From that moment in the bathroom, until I left high school, reading and comprehension was no longer something I desired—it was the very thing I avoided. If I didn’t understand, it meant I didn’t have to speak, with the hope that my silence would result in everyone else’s silence toward me. After all, my questions didn’t result in improving my understanding, but rather, in an extremely embarrassing and unfortunate situation. Questions were the cause of my torment, and in a desperate attempt to distance myself from that torment, my questions ceased. Reading became an object of dread for me, and there wasn’t a reading comprehension quiz I couldn’t fail if I thought it would help me. My preservation strategies only resulted in the adverse effect on my comprehension, and it would take me until the age of 27 to finish a book cover to cover.

Was my experience all that different from one faced by scores of other students around the country? Absolutely not, and all too often cases are much worse that being locked in a bathroom. Even still, the damage of bullying would stay with me, as I am sure it does for a lot of people. In the new age of high standards testing, and the desire to make our children “proficient” on paper, my question becomes:

How can we make reading in the classroom an all-inclusive event, catering it as an exercise in tolerance? Is there a way that we as educators can return words to their position of power as a learning tool, rather than a weapon of degradation?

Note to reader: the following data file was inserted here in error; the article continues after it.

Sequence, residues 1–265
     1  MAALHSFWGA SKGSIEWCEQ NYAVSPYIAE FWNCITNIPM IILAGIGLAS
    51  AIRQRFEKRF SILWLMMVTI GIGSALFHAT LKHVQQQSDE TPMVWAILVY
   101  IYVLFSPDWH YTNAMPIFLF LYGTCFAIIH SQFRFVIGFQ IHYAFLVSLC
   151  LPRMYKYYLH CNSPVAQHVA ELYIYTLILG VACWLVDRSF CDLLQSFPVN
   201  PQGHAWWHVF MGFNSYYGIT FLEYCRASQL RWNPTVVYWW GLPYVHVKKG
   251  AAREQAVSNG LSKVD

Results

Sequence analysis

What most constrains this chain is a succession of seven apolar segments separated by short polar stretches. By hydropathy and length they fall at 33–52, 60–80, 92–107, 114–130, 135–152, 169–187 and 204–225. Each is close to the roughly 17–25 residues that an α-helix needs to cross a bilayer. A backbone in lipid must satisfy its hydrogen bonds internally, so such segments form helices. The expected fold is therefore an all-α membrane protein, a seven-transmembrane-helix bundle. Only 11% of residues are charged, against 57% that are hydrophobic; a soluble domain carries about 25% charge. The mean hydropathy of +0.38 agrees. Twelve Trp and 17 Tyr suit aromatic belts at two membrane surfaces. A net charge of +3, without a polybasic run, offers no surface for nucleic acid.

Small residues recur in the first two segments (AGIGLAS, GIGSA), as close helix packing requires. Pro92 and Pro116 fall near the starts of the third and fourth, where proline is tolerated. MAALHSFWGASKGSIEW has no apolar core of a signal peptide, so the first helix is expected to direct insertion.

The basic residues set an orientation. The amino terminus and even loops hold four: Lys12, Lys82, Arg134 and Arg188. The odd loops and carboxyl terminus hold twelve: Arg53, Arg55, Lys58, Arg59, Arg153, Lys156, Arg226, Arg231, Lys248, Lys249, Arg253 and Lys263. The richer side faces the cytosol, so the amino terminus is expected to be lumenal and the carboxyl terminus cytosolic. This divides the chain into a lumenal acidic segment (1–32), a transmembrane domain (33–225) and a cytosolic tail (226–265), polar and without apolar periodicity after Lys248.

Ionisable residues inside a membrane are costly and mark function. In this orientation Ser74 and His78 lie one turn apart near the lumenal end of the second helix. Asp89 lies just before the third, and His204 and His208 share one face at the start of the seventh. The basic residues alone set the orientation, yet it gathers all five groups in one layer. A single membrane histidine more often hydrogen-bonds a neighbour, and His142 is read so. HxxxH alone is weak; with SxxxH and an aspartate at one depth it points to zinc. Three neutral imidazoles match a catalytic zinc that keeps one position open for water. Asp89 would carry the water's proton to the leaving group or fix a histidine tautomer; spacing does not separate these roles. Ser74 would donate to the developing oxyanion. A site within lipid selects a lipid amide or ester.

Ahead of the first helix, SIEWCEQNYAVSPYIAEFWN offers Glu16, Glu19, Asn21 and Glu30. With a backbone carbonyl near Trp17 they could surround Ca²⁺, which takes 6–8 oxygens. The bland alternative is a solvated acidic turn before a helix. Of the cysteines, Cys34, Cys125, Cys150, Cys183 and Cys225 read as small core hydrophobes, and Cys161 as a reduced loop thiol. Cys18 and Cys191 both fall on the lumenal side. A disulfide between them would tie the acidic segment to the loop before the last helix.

In the interest of transparency, I am not sure that a text exists to perform that function. I will remain hopeful that as educators we can take up curricular and pedagogic approaches that will provide students with experiences to increase tolerance, directing them down a path that will promote unity with literacy education. I will dream that one day, experiences like my own will be stomped out by the students themselves, never to affect comprehension again. Someday soon, perhaps even through my teaching, students will leave their classrooms armed with knowledge founded in tolerance, and before standing by and watching bullying happen, they will jump into action saying:

I remember their words.

Turner, J. & Paris S. (1995). How literacy tasks influence children’s motivation for literacy. The Reading Teacher, 48(8), 662-673.

8 thoughts on “Sticks and Stones May Break my Bones, but Your Words CAN Affect my Literacy

  1. Phil, this just reinforces my sense of your strength and power to inspire.

    Also, this really reminded me of an article in Teaching and Learning where a boy refuses to read – his teacher provides him a way to learn without being subject to social mockery and bullying attitudes, and he manages to engage. You are NOT in the same situation, and weren’t, but the social environment of school is so powerful – your article reminds me that I need to be especially aware of social dynamics in and outside of my classroom.

    1. And this is where I think the added layer of Theatre can possibly help us in that. Theatre is by no means a perfect art for tolerance, but it is a medium for putting kids in touch with characters in a slightly different way. The fact of the matter is, I think we ABSOLUTELY need to, as teachers, be more in touch with the social patterns of the kids in our schools. We constantly have to stay in touch with how they interact in order to combat these situations.